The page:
Ex-offenders learn ins and outs of CORI sealing
When it was passed back in 1972, the state’s Criminal Offender Record Information (CORI) law had two aims — making the criminal justice system more efficient and protecting the privacy of people with criminal records.
But as more and more groups have gained access to the information over the years, a CORI report has become a major impediment to progress for many ex-offenders, affecting their ability to find employment, secure housing or even move to another state.
“It is discrimination, but it’s legal discrimination,” said Northeastern University law student Makis Antzoulatos.
The information is not always a matter of public record, however — in fact, as Antzoulatos and others explained to attendees at a workshop on CORIs held last Wednesday, it can be sealed from disclosure to some organizations.
The workshop, hosted by the Union of Minority Neighborhoods, was designed to inform people with criminal records about the benefits of exercising their right to seal the information. Law enforcement agencies can still access sealed records under a court order, as can some agencies granted expanded access by the state. Records cannot be sealed on charges of perjury, bribery, resisting arrest, trafficking firearms and sex offenses that require registration, Antzoulatos said.
CORI records for misdemeanor cases that ended with a conviction or were “aged out” of the justice system cannot be sealed until 10 years after the case’s “final disposition” — meaning either the end of the court case, the completion of probation or the release from prison or parole, whichever is later, according to the Massachusetts Legal Websites Project. For felonies, the period is 15 years.
For example, people convicted of felonies who were released from prison in 2000 will not be able to seal their records until 2015. Probation violations can further extend the wait to seal records by restarting the 10- or 15-year clock.
“That’s one of the [silly] things about CORI sealing,” Antzoulatos said.
Once sealed, information contained within a CORI cannot be used against ex-offenders; if they have been convicted of felonies, they can check “no” on job applications that ask if they have, according to Antzoulatos.
Prior to that, however, there are a number of ways that their records can catch up with them.
“Everywhere you turn, there’s consequences that go well beyond jail,” Antzoulatos said.
Potential employers, for example, pose a problem because they can — and, Antzoulatos said, often do — easily misinterpret information contained in a CORI report. For example, a person caught with illegally writing a check can be charged with three crimes for that transgression — a charge for writing the check, a larceny charge for the theft of whatever was bought with the money from that check, and a fraud charge for each check written. So someone who writes three illegal checks can end up being charged nine times.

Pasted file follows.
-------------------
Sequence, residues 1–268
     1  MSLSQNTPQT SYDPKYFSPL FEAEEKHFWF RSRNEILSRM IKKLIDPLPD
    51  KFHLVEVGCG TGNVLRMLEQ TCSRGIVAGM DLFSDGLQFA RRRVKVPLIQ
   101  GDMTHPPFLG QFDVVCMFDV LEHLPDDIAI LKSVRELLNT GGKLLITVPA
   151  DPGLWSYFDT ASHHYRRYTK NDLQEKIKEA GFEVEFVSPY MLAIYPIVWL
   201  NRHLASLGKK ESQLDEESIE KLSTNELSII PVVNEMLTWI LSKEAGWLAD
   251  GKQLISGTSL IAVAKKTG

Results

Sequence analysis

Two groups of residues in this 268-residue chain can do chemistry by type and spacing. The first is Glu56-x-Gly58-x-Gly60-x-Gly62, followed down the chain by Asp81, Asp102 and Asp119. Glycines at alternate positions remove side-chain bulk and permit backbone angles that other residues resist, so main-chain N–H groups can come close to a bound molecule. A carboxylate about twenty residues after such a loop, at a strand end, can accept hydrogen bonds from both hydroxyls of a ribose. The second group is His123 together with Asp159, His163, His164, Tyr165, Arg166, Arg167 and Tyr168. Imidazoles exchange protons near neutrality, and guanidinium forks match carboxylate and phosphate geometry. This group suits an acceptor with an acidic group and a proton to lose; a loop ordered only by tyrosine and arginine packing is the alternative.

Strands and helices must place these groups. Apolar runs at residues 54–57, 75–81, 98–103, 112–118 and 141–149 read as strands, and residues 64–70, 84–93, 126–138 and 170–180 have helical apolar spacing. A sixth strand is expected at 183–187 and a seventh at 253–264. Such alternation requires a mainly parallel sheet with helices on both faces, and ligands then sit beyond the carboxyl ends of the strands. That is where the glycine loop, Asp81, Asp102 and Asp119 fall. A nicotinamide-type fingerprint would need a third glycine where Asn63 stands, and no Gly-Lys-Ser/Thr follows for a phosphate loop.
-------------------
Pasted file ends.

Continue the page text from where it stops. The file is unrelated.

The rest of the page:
And then, “when someone looks at your CORI, they say, ‘This person has written bad checks nine times,’” which may affect their decision about whether or not to hire an applicant more than if a smaller number of charges appeared on the report, Antzoulatos said.
Antzoulatos also stressed the importance of putting pressure on employers who consistently avoid hiring applicants who have CORI reports.
“We can go to unions and say, ‘Why [aren’t] 5 percent [of your hires] people with records?’” he said.
People with CORI records can also have trouble getting subsidized housing. Antzoulatos recommended that ex-offenders appeal rejected applications for Boston Housing Authority units in which the rejection was based on CORI reviews because rules governing such hearings sometimes allow for as many as three appeals, he said.
“You can win those hearings,” he said. “Not always, but you can win.”
Workshop attendees also added their stories of how CORI records have affected their lives. Many would only speak on condition of anonymity for fear of impacting pending CORI sealing cases. One woman said that a state she is trying to move to might deny her and her son entry because the son has a criminal record.
How CORI reports can impact ex-offenders’ immigration status also came up in the discussion with Antzoulatos. The law student recommended that non-U.S. citizens check with immigration attorneys before beginning the process of sealing.
“Immigration is a crazy area of the law that, if you’re not an immigration attorney, you know nothing about,” he said.
Sean Pelzer, a senior organizer with the Union of Minority Neighborhoods, said he is conducting CORI-related outreach work targeting Boston-area youths because a bill to address juvenile CORI records is scheduled to be discussed at a conference hosted by Harvard University in October. Pelzer said his goal is to bring juveniles who may be affected by the bill to the table at the discussion because all parties involved should have a voice in the drafting of the bill.
“They’re all part of society,” Pelzer said. “They shouldn’t be marginalized.”